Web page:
Trying times at Rosebud Theatre 0
Inspired by her own experience as Judge Francis Biddle?s secretary in his final year Joanna McClelland Glass gives audiences a look into two very different lives that are brought together in her play, Trying.
Rosebud Theatre premiered the first play of their 25th anniversary year, Trying, on March 14 to a full house.
Directed by Morris Ertman, the two-man play got lots of laughs from the audience while Saskatoon native Sarah Schorr, played by Cari Russell, finds the task of helping geriatric Judge Biddle, played by Roger Hamm, through his final year a little trying at times. Biddle himself has the perfect words for the situation.
?We can?t help but find each other extremely trying.?
The play brings together the unlikely pairing of Schorr and Biddle who eventually find their less than ideal lives give them something in common. The wounded pair provide each other with exactly what they need, someone to listen and someone to encourage.
The 25-year-old, head-strong Schorr is starting a new life in a loveless marriage and a child on the way that poses an obstacle to her dreams of being a serious writer. Russell is perfectly cast for the roll with an optimistic demeanor and a chip on her shoulder only the prairies can dole out.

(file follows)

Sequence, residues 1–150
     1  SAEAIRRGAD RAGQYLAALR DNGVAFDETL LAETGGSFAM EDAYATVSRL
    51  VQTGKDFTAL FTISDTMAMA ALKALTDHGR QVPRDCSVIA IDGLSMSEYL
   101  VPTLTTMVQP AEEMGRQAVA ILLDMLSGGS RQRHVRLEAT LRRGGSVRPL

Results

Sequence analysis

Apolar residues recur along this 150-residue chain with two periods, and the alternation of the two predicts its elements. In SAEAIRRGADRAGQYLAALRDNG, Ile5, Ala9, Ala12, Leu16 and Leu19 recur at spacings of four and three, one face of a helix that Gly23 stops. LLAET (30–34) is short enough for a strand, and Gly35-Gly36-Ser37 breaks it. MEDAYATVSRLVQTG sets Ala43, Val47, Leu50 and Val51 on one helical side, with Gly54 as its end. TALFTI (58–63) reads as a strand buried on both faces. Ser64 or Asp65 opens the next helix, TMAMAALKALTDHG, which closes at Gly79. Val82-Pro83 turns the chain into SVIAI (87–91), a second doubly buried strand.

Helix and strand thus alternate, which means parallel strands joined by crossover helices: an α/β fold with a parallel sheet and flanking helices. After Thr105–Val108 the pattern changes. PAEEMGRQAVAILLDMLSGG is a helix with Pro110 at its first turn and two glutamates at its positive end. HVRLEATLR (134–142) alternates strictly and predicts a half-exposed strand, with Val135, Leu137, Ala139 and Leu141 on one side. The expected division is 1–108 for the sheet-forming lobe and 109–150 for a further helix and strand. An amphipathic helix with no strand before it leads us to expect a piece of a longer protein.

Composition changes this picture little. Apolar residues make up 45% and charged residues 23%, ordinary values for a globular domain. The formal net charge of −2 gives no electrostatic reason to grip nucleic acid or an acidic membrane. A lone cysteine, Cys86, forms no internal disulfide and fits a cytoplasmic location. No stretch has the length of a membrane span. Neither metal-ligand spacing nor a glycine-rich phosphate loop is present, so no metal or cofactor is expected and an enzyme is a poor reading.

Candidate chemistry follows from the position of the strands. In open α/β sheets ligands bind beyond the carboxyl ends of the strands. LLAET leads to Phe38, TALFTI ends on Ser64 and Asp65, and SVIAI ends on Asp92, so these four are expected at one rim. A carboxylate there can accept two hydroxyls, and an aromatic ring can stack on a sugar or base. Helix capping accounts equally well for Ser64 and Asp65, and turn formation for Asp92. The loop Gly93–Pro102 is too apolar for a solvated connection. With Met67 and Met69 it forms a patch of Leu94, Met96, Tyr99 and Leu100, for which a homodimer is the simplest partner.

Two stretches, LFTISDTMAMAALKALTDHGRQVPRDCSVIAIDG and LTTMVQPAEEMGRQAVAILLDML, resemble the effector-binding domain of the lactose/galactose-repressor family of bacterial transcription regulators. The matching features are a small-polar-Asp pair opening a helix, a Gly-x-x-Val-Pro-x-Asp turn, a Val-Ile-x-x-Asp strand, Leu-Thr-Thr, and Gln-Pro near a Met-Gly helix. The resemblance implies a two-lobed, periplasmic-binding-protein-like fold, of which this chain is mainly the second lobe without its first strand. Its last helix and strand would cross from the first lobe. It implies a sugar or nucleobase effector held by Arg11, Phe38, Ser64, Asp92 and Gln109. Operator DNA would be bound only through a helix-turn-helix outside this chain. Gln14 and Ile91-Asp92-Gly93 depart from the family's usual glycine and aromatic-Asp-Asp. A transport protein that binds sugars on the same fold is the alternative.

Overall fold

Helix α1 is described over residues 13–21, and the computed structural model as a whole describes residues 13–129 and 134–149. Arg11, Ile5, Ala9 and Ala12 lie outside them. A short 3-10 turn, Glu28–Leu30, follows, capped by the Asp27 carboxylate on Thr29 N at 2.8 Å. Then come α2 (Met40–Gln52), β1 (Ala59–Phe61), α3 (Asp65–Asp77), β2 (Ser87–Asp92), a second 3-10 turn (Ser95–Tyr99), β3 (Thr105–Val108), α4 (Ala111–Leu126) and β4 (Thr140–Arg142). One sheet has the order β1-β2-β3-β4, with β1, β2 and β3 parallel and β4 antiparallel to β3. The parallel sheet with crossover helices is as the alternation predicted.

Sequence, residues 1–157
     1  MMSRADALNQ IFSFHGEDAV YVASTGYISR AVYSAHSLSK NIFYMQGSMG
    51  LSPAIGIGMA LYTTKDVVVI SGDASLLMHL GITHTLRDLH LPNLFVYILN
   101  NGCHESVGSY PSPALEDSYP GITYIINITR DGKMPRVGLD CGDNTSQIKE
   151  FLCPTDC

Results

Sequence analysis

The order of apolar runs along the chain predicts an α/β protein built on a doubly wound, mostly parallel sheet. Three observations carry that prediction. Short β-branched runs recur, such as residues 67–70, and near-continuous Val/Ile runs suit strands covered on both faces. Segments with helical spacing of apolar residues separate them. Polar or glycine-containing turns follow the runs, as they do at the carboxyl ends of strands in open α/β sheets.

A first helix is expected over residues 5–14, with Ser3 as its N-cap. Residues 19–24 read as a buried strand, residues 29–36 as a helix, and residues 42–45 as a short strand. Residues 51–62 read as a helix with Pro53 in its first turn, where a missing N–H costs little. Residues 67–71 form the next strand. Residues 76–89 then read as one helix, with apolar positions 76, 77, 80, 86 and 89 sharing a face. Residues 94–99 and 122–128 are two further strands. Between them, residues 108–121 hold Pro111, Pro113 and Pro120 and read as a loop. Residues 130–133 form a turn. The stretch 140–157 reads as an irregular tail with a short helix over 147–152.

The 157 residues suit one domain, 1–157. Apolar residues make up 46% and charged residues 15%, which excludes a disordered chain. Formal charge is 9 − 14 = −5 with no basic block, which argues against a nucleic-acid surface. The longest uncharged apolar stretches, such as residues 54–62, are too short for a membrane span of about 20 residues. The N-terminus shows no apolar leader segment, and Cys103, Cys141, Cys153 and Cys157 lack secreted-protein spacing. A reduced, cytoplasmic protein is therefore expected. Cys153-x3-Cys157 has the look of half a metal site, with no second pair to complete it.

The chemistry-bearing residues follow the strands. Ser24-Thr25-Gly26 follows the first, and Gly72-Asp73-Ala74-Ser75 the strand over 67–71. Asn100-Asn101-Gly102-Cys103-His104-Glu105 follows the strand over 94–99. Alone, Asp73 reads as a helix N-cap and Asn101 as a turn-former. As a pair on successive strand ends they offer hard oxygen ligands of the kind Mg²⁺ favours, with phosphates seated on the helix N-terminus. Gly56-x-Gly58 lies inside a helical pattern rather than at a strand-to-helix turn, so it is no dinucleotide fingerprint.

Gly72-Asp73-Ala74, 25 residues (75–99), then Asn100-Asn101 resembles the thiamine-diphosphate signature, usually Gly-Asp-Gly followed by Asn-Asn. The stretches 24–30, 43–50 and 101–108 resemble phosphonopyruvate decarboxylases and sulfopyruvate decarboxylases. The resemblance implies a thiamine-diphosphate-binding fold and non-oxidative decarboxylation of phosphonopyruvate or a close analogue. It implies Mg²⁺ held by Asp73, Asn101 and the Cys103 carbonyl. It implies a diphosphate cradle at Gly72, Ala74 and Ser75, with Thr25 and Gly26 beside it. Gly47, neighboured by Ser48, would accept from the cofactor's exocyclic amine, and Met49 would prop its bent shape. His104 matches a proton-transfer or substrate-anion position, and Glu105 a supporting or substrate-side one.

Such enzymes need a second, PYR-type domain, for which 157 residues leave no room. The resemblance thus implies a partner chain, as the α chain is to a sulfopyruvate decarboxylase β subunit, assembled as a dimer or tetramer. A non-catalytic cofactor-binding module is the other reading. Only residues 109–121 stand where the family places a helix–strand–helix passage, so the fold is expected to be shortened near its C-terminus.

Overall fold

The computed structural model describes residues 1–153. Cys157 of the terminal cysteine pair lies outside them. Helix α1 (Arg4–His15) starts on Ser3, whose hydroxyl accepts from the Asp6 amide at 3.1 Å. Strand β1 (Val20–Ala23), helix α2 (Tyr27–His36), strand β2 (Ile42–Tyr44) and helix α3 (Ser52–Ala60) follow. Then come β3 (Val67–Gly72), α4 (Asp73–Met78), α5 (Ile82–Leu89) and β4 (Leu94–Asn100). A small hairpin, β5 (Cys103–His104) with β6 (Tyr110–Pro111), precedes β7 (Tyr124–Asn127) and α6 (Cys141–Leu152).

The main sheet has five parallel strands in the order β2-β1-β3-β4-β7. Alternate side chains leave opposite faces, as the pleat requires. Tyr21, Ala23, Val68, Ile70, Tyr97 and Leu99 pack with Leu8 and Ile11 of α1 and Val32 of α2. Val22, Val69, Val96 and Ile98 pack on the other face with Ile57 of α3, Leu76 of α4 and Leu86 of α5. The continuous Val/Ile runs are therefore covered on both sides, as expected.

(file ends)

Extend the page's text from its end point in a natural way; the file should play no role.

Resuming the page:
She ambitiously takes the position as secretary for the arthritic and cranky Biddle, knowing she?s following a line of former secretaries who just couldn?t tolerate Biddle?s many daily demands.
While Biddle makes no secret of the discomfort his deteriorating health, brings Hamm makes the unpleasant character and his duty of dying, more human. His old fashioned nature brings with it some good laughs and accentuates the generation gap between himself and Schorr. Witnessing the regrets he has about his life, wishing he had fought harder for certain causes, makes the audience feel what Schorr felt for the old man.
Although Trying is filled with references to Biddle?s influential career, which included being Franklin Roseveldt?s last attorney general and the chief judge at the Nuremburg War Crimes Trials, it?s easily enjoyed by those without a knack for political history.
The set and props are perfectly chosen for the 1967 setting. Rosebud Theatre, as always, caught a moment in time and re-created it perfectly, right down to the smallest detail.
The costumes that must have been dusted off from the attic are symbolic of the characters themselves; pairing resistant polyester in those unpleasant colours would have been extremely trying.